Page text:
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Vertiflex® Procedure Superion® Indirect Decompression System

Image Courtesy: Boston Scientific

What is Superion?

Superion®, a product of VertiFlex, Inc., is an FDA-approved, minimally invasive procedure to treat lumbar spinal stenosis.

What is Lumbar Spinal Stenosis?

Lumbar spinal stenosis is a degenerative disease that causes the narrowing of the lumbar spinal canal and compression of the spinal nerves. This can result in:
Pain in the leg, buttock, and groin
Weakness, stiffness, cramping or numbness in the legs and buttocks  

Lumbar spinal stenosis causes difficulty in walking or standing, with relief while sitting down.

How does Superion Work?

While walking or standing, the spine is in extension, increasing pressure on the spinal nerves. The Superion device is implanted in the spine and limits spine extension, producing the relief that you would get in a seated or flexed position. FDA trials have demonstrated the effectiveness of Superion in relieving symptoms and improving function 60 months after the procedure.

When is Superion Indicated?

The Superion procedure is ideal if you have no relief from conservative treatments but do not wish to undergo an invasive surgical procedure such as a laminectomy.

Procedure for Implanting the Superion Device 

The Superion device has an anatomical design that takes into consideration your safety and comfort. It is available in multiple sizes and your doctor selects the size that is appropriate for you. The device is inserted through a dime-sized incision over your spine with minimal blood loss and tissue damage. It is placed at the appropriate spinal level between the spinous processes and limits spine extension though it permits spine movements.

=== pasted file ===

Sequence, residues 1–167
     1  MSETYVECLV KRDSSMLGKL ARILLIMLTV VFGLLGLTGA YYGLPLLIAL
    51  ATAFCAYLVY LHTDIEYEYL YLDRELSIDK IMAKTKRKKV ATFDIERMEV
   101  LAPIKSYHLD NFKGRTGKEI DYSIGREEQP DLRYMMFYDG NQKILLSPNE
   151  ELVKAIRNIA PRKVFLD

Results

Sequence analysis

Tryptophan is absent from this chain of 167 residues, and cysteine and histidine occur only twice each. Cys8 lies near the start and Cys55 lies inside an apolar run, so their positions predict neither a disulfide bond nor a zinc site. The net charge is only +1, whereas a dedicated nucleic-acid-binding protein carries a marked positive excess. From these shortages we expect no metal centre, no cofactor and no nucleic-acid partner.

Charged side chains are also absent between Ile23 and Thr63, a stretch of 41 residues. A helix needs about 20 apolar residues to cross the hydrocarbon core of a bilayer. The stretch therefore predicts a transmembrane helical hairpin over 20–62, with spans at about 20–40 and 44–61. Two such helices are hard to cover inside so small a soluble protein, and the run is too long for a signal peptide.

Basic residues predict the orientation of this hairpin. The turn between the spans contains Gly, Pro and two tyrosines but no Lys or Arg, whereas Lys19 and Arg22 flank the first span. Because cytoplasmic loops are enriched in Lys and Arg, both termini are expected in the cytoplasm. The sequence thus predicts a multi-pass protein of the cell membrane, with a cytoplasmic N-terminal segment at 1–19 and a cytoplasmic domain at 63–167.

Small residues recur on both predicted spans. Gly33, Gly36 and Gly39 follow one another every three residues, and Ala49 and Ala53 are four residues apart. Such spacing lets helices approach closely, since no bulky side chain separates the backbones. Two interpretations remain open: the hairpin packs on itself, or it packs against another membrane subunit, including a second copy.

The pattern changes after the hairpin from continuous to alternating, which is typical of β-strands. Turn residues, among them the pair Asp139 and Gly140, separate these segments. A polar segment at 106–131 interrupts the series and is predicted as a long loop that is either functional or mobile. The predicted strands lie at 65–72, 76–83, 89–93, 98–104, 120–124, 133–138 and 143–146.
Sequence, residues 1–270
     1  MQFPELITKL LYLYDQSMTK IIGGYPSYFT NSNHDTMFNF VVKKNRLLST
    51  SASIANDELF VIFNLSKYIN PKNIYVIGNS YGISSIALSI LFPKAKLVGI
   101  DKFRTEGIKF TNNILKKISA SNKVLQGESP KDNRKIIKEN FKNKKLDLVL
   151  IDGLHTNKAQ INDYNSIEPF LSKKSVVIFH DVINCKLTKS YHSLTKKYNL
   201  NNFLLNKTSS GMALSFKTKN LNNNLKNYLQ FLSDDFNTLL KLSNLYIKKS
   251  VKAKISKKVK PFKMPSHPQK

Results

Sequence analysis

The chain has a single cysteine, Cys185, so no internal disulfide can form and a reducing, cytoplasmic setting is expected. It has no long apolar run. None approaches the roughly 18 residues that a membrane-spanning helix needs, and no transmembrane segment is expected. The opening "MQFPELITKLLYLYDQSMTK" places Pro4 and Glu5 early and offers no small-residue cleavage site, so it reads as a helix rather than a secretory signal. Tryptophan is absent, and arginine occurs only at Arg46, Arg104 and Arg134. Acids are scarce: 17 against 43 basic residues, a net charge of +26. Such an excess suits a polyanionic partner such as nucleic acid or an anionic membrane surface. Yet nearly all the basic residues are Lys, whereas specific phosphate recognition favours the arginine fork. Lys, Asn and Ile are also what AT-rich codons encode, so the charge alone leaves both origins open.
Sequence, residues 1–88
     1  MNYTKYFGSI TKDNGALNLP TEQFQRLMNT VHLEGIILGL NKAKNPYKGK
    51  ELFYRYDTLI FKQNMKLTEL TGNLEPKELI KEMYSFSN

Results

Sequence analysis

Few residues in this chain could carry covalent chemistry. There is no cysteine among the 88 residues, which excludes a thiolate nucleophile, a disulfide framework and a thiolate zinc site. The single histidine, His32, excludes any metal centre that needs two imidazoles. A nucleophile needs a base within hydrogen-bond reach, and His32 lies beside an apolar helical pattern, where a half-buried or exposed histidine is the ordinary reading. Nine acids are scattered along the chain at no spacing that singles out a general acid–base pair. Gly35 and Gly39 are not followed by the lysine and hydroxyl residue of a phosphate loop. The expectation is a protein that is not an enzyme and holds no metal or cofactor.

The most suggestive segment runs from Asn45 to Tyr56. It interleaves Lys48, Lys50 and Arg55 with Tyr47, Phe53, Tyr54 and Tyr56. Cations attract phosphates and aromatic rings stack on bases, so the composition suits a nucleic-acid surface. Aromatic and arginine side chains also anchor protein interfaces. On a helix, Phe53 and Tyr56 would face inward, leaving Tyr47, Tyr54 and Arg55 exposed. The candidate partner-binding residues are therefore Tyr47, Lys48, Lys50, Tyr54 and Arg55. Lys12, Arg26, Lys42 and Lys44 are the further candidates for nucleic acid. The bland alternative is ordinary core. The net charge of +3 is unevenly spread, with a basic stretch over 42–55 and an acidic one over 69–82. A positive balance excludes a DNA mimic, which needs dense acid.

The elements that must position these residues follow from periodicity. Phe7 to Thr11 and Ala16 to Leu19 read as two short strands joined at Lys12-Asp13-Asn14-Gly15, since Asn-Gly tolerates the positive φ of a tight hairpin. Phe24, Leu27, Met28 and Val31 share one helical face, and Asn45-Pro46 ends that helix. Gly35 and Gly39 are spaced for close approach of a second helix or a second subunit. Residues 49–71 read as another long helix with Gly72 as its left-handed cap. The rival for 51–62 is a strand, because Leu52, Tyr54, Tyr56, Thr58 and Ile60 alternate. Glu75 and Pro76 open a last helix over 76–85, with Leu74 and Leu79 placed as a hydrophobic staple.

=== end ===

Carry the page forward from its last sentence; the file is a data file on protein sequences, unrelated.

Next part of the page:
Advantages of Superion

This minimally invasive procedure has a short operating time and recovery is quick. The stability of the spine is not compromised. Single-use instruments are used, minimizing the risk of infections. Your doctor will discuss any other risks associated with the procedure.

  • Texas A&M University
  •  Harvard Medical School
  • University of Texas Medical Branch
  • Loma Linda Medical Center
  • Baylor College of Medicine
  • University of Washington Medical Center
  • Mischer Neuroscience Institute
  • UT Health
  • North American Neuromodulation Society
  • International Association for the Study of Pain
  • American Academy of Pain Medicine
  • Harris County Med Society
  • Texas Medical Association
  • Texas Pain Society
  • Spine Intervention Society
  • American Socieyt of Interventional Pain Physicians
  • American Society of Regional Anesthesia
  • Memorial Hermann
  • International Neuromodulation Society
  • American Society of Pain & Neuroscience